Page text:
eat first, before starting to work. Just as he was at his busiest with

this, Old Eric rose out of the lake, caught him by the cuff of the neck,

whipped him out of the boat, and dragged him down to the bottom. It was

a lucky thing that Hans had his walking-stick with him that day, and had

just time to catch hold of it when he felt Old Eric's claws in his neck,

so when they got down to the bottom he said, 'Stop now, just wait a

little; here is solid ground.' With that he caught Old Eric by the back

of the neck with one hand, and hammered away on his back with the staff,

till he beat him out as flat as a pancake. Old Eric then began to lament

and howl, begging him just to let him go, and he would never come back

to the lake again.



'No, my good fellow,' said Hans, 'you won't get off until you promise

to bring all the fish in the lake up to the squire's courtyard, before

to-morrow morning.'



Old Eric eagerly promised this, if Hans would only let him go; so Hans

rowed ashore, ate up the rest of his provisions, and went home to bed.



Next morning, when the squire rose and opened his front door, the fish

came tumbling into the porch, and the whole yard was crammed full of

them. He ran in again to his wife, for he could never devise anything

himself, and said to her, 'What shall we do with him now? Old Eric

hasn't taken him. I am certain that all the fish are out of the lake,

for the yard is just filled with them.'



'Yes, that's a bad business,' said she; 'you must see if you can't get

him sent to Purgatory, to demand tribute.' The squire therefore made

his way to the men's quarters, to speak to Hans, and it took him all his

time to push his way along the walls, under the eaves, on account of the

fish that filled the yard. He thanked Hans for having fished so well,

and said that now he had an errand for him, which he could only give to

a trusty servant, and that was to journey to Purgatory, and demand three

years tribute, which, he said, was owing to him from that quarter.



'Willingly,' said Hans; 'but what road do I go, to get there?'



The squire stood, and did not know what to say, and had first to go in

to his wife to ask her.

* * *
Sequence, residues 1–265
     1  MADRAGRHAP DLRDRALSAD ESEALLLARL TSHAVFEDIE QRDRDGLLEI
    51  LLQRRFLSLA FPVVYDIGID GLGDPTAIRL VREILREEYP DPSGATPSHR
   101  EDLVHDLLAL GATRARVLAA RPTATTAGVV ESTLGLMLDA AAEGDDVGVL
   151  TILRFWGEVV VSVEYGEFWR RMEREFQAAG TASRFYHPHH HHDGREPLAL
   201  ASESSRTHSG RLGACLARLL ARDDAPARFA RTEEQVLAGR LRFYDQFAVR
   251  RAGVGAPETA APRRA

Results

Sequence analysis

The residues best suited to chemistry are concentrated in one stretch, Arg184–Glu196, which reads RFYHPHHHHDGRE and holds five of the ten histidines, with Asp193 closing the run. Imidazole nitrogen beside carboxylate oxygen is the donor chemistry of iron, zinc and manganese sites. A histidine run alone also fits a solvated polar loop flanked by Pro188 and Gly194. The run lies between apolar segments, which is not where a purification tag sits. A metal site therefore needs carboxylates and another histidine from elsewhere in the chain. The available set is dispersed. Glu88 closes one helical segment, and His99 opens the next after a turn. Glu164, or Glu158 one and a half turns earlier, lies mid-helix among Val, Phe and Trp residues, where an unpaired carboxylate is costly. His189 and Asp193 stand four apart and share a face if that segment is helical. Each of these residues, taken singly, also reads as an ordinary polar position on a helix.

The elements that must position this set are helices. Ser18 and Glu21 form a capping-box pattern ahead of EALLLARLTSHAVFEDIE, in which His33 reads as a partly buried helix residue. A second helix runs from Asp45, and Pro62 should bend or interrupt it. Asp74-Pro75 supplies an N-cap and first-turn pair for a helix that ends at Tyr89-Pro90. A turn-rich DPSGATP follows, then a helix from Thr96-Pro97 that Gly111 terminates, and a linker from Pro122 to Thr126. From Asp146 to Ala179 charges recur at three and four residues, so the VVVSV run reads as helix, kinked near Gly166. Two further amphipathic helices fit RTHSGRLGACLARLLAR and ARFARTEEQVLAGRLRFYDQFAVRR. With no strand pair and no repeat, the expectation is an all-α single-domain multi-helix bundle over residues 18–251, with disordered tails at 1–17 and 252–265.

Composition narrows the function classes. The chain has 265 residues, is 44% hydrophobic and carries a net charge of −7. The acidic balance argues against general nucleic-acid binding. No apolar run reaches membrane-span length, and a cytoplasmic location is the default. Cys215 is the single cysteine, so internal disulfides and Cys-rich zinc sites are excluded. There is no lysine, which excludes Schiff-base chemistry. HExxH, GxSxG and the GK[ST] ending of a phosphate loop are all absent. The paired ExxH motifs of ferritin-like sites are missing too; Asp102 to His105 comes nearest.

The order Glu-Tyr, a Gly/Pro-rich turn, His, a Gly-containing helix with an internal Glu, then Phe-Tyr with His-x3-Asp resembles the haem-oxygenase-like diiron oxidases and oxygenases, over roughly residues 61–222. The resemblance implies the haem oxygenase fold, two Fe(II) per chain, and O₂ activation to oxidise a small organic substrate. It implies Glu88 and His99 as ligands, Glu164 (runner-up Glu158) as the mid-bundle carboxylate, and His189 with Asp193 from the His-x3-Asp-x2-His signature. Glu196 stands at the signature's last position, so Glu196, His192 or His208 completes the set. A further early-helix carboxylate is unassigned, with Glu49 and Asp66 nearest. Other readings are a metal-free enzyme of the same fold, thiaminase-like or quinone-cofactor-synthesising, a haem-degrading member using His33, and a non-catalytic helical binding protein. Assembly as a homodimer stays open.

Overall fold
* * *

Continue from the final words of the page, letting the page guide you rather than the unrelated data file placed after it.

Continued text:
'Oh, what a fool you are!' said she, 'can't you direct him straight

forward, south through the wood? Whether he gets there or not, we shall

be quit of him.'



Out goes the squire again to Hans.



'The way lies straight forward, south through the wood,' said he.



Hans then must have his provisions for the journey; two bakings of

bread, two casks of butter, two barrels of ale, and two kegs of brandy.

He tied all these up together, and got them on his shoulder hanging on

his good walking-stick, and off he tramped southward.



After he had got through the wood, there was more than one road, and he

was in doubt which of them was the right one, so he sat down and opened

up his bundle of provisions. He found he had left his knife at home, but

by good chance, there was a plough lying close at hand, so he took the

coulter of this to cut the bread with. As he sat there and took his

bite, a man came riding past him.



'Where are you from?' said Hans.



'From Purgatory,' said the man.



'Then stop and wait a little,' said Hans; but the man was in a hurry,

and would not stop, so Hans ran after him and caught the horse by the

tail. This brought it down on its hind legs, and the man went flying

over its head into a ditch. 'Just wait a little,' said Hans; 'I am going

the same way.' He got his provisions tied up again, and laid them on the

horse's back; then he took hold of the reins and said to the man, 'We

two can go along together on foot.'



As they went on their way Hans told the stranger both about the errand

he had on hand and the fun he had had with Old Eric. The other said but

little but he was well acquainted with the way, and it was no long time

before they arrived at the gate. There both horse and rider disappeared,

and Hans was left alone outside. 'They will come and let me in

presently,' he thought to himself; but no one came. He hammered at the

gate; still no one appeared. Then he got tired of waiting, and smashed

at the gate with his staff until he knocked it in pieces and got inside.

A whole troop of little demons came down upon him and asked what he

wanted. His master's compliments, said Hans, and he wanted three years'

tribute. At this they howled at him, and were about to lay hold of him

and drag him off; but when they had got some raps from his walking-stick

they let go again, howled still louder than before, and ran in to Old

Eric, who was still in bed, after his adventure in the lake. They told

him that a messenger had come from the squire at Devilmoss to demand

three years' tribute. He had knocked the gate to pieces and bruised

their arms and legs with his iron staff.



'Give him three years'! give him ten!' shouted Old Eric, 'only don't let

him come near me.'



So all the little demons came dragging so much silver and gold that it

was something awful. Hans filled his bundle with gold and silver coins,

put it on his neck, and tramped back to his master, who was scared

beyond all measure at seeing him again.



But Hans was also tired of service now. Of all the gold and silver

he brought with him he let the squire keep one half, and he was glad

enough, both for the money and at getting rid of Hans. The other half

he took home to his father the smith in Furreby. To him also he said,

'Farewell;' he was now tired of living on shore among mortal men, and

preferred to go home again to his mother. Since that time no one has

ever seen Hans, the Mermaid's son.